We’re excited for Tuesday’s event with environmentalist / writer Bill McKibben. It has been 31 years since his previous visit to the NYS Writers Institute.
7:30 p.m. Tuesday, April 18
Campus Center West Auditorium, University at Albany
University at Albany, 1400 Washington Avenue, Albany NY 12222
Free and open to the public. No registration required.
An excerpt from Bill McKibben’s The Flag, the Cross, and the Station Wagon: A Graying American Looks Back at His Suburban Boyhood and Wonders What the Hell Happened
In my tenth year, in 1970, my family—my mom, my dad, my seven-year-old brother, and I—moved into the American suburbs. More precisely, we moved to the town of Lexington, Massachusetts, a community of thirty thousand people which sat a dozen miles outside Boston. Our home, which cost $30,000, was like a child’s drawing of a suburban home: a square block with a door and a window on the ground floor and two windows on the story above, one looking out from my bedroom and the other from Tom’s. A single big maple spread its branches over the front lawn and the driveway, dropping leaves on the maroon Plymouth that carried my father on his daily commute. We were as statistically average as it was possible to be, a near-perfect example of the white American middle class then in the process of rocketing to a prosperity—a widespread, shared, suburban standard of living—that the world had never before seen. We lived, and this is the truth, halfway down a leafy road called Middle Street.
So what the hell happened? How did we go from an America where that kind of modest paradise seemed destined to spread to more and more of the country to the doubtful nation we inhabit fifty years later: a society strained by bleak racial and economic inequality, where life expectancy was falling even before a pandemic that deepened our divisions, on a heating planet whose physical future is dangerously in question?
Since the suburb has dominated our landscape over those decades, some of the answers must lie there—and in the generations that grew up there, those of us baby boomers who still weigh so heavily on the political and financial life in the United States. As Ta-Nehisi Coates once wrote, his fears as a young Black man were somehow “connected to the Dream out there, to the unworried boys, to pie and pot roast, to the white fences and green lawns nightly beamed into our television sets.” That was my pot roast, and I’m convinced he’s right—that you can see some of the roots of what went wrong back in those shady streets of my boyhood. And not only with race, but also with democracy, and with the planet. I’m convinced, in fact, that Lexington, because it was both very typical and slightly set apart by its place in American history, provides an unusually sharp lens through which to view those times, and our time. I’m curious about what went so suddenly sour with American patriotism, American faith, and American prosperity—the flag, the cross, and the station wagon. I’m curious if any of that trinity can, or should, be reclaimed in the fight for a fairer future.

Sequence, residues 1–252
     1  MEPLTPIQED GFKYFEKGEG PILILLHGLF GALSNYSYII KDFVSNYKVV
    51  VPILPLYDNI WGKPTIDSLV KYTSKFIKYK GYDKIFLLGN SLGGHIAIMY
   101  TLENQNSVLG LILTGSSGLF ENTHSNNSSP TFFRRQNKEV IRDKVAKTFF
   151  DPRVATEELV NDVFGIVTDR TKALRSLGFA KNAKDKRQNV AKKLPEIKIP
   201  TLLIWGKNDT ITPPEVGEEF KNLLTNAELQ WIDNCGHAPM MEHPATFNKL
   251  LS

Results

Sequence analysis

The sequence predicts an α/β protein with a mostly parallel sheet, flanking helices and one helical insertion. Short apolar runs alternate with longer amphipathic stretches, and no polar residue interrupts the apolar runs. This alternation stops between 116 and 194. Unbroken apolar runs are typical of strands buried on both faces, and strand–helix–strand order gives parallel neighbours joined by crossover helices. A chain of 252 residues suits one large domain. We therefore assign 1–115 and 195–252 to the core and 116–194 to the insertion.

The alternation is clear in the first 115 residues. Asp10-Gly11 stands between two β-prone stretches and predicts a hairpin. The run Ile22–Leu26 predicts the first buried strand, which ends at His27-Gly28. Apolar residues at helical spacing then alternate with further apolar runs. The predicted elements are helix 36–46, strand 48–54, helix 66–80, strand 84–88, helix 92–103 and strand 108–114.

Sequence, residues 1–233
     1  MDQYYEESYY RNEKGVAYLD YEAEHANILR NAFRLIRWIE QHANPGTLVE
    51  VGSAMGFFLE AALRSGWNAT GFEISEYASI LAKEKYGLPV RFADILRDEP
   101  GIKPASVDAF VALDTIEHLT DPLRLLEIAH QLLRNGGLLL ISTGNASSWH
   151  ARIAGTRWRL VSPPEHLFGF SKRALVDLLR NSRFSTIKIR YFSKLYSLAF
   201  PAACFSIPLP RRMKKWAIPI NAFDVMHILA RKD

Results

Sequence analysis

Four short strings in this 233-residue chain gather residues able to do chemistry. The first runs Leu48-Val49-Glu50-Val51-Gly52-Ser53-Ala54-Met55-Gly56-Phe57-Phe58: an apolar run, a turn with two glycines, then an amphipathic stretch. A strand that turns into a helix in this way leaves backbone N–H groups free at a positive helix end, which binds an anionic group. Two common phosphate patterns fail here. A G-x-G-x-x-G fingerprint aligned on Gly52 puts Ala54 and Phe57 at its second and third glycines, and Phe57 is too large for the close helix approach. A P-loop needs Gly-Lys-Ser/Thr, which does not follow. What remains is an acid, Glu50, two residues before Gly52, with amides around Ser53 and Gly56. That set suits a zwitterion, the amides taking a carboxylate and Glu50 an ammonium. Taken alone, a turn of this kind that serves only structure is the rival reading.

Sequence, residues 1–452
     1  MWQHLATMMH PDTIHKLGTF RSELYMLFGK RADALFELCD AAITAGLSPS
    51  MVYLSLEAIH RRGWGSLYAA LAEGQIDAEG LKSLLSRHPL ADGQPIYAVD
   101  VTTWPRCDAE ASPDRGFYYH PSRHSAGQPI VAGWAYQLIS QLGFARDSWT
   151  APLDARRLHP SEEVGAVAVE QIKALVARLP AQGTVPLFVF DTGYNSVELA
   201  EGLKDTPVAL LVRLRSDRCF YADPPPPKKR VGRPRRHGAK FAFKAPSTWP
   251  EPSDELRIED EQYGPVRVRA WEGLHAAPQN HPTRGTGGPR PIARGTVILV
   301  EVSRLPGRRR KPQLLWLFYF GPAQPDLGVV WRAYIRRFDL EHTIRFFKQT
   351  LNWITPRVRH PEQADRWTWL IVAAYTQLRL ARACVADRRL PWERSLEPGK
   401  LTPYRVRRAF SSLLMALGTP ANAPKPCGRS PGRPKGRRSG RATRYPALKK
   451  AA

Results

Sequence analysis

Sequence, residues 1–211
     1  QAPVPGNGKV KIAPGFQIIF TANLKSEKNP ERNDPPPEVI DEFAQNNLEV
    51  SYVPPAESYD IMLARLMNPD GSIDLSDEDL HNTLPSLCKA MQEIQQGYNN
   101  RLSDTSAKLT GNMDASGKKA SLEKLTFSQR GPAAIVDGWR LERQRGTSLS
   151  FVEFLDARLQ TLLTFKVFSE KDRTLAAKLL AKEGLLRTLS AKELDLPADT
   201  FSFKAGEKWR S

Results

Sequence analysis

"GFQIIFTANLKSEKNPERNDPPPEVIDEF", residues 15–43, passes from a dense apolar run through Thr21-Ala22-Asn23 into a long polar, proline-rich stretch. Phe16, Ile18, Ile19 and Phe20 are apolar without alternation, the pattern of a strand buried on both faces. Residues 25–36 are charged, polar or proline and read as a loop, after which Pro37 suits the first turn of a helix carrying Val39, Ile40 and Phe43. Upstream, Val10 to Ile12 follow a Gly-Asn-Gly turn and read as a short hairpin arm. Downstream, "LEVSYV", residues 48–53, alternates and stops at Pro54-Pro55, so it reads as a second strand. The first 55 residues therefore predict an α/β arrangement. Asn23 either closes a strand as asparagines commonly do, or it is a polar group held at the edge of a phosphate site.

I’ve never thought my own history was much worth recounting, because it was mostly free of the angst and suffering that have anchored memoirs in recent years. That’s why for much of my life I’ve concentrated on telling the stories of others as best I can. But perhaps that very averageness is the thing that makes my own history a little useful, at least if we’re trying to understand what went wrong. This is as much memoir as I’m likely to write, but it’s as much the story of a place as of a person.
So let me tell you about two important events that happened in 1971, the year after we arrived in Lexington. I was aware of one of them at the time; the other I learned about only recently. In deference to Dr. Seuss, a literary staple of that era when books were already fighting a rearguard battle against TV, I will call those events Thing One and Thing Two, and they will be touchstones throughout this book. But to understand them, you need to understand the particular town they were set in. And if you didn’t live through that time, perhaps this short recounting of one town’s history will give you a feel for the truly remarkable rise of suburbia…
Join us Tuesday for this special event, free and open to the public.